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Cannabinol: What is Cannabinol?

Cannabinol or CBN (figure 1) is one of hundreds of cannabinoids found naturally in cannabis and hemp and is what some refer to as the “sleeper cannabinoid” due to its drowsy effects. But while research is still in its infancy, there are more factors that contribute to what users describe as that “sleepy” feeling. This article aims to clarify what CBN is and its effects on the body by referencing published research.

Figure 1. The chemical structure of cannabinol (CBN)

What is CBN?

CBN was one of the first cannabinoids to be identified and studied in 1899 by Thomas Barlow Wood, W.T. Newton Spivey, and Thomas Hill Easterfield [1]. It was later purified and isolated in 1940 by Roger Adams, Madison Hunt, and J.H. Clark [2]. CBN has a chemical structure very similar to tetrahydrocannabinol (THC) aside from the cyclohexene ring in THC and a benzene ring in CBN [3, 4]. This change, from a cyclohexene to a benzene, occurs naturally through a process called oxidative degradation [5] (figure 2) where a combination of UV light, heat, and the presence of oxygen removes hydrogen from the cyclohexene and converts it into a benzene ring. This effectively changes the structure and properties [6] of the molecule to CBN.

Figure 2. The oxidative degradation of D9-THC to CBN

Effects of CBN

While CBN is very closely related in structure to THC, CBN does not have the same psychoactive effects associated with THC. Instead, some sensitive users report a more mild psychoactive effect. When CBN is combined with THC, users feel more drowsy than using THC alone [7]. This study may indicate that CBN may cause drowsiness.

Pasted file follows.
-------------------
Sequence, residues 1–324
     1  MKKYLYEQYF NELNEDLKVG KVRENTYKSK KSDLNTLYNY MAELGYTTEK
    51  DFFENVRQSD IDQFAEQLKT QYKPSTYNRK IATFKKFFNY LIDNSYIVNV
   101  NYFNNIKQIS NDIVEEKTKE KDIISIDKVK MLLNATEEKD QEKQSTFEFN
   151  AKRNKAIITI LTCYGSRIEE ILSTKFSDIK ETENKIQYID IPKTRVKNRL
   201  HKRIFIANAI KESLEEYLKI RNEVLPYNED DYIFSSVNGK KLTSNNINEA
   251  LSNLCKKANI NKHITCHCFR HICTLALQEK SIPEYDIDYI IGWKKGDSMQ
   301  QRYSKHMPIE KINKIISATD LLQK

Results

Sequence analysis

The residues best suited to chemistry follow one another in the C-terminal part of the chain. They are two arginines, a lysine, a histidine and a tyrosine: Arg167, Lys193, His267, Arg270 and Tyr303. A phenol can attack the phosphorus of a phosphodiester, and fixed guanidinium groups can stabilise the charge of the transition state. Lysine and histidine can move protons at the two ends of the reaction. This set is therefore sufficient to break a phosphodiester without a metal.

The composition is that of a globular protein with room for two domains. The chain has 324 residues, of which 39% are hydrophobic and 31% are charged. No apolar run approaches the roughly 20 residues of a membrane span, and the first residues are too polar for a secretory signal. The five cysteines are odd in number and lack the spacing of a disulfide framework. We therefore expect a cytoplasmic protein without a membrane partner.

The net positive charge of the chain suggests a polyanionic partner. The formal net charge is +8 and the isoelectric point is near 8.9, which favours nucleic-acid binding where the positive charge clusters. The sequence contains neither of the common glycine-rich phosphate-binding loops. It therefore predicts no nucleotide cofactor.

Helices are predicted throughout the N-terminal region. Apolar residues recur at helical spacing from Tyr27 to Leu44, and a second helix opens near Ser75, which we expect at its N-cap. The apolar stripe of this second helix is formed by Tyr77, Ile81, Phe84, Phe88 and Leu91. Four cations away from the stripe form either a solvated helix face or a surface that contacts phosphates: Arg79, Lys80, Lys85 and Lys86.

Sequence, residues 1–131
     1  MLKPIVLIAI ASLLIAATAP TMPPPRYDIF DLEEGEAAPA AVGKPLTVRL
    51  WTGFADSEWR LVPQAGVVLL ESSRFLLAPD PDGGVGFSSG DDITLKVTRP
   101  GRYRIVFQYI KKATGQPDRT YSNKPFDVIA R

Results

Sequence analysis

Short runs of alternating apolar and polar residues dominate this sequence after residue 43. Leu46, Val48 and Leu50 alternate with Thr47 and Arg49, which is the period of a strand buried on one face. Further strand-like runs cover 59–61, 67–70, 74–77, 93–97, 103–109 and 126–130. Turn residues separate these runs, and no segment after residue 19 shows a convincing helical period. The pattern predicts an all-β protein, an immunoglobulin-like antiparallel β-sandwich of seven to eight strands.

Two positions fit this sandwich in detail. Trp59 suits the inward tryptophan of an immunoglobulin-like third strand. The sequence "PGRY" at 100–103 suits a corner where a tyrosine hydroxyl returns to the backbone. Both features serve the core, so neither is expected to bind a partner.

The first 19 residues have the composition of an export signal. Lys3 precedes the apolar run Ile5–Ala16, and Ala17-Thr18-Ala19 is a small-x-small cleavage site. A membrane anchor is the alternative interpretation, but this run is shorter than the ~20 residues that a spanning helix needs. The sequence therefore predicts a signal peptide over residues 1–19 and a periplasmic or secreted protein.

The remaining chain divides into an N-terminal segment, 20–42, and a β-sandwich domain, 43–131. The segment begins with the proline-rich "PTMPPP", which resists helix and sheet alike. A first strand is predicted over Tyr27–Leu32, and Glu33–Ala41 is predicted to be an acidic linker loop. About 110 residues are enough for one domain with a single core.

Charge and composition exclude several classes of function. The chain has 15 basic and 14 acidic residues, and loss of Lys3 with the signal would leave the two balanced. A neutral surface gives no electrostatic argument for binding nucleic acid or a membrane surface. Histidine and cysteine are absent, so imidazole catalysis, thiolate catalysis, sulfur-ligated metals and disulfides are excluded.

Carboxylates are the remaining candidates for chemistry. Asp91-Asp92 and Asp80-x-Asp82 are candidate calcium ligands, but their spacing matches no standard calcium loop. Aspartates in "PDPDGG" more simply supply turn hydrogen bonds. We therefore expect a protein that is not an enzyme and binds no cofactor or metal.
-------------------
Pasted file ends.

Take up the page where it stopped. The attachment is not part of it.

CBN interacts with the endocannabinoid system [8] just like other cannabinoids. Research on how the mechanism [9] in which it interacts with the endocannabinoid system is slowly progressing. CBN has an affinity for both the CB1 and CB2 receptors, but shows a higher affinity for CB2 [10]; however, CBN does not have a higher affinity to endocannabinoid receptors than its predecessor, THC. Some studies have shown that CBN can increase appetite as opposed to the effects of cannabidiol (CBD) and cannabigerol (CBG)[11]. Other studies have shown that it has antibacterial effects on the body [12], reduces seizures [13], and even delays the onset of amyotrophic lateral sclerosis (ALS) [14].

Is CBN Legal?

As with most cannabinoids, the legality of them is always up for debate. In the United States, CBN derived from a marijuana extract is illegal and considered a Schedule I controlled substance, according to the Drug Enforcement Agency (DEA)[15]. However, according to the Agriculture Improvement Act of 2018, if CBN is extracted from hemp it is perfectly legal, provided that the THC content is below 0.3% on a dry weight basis[16].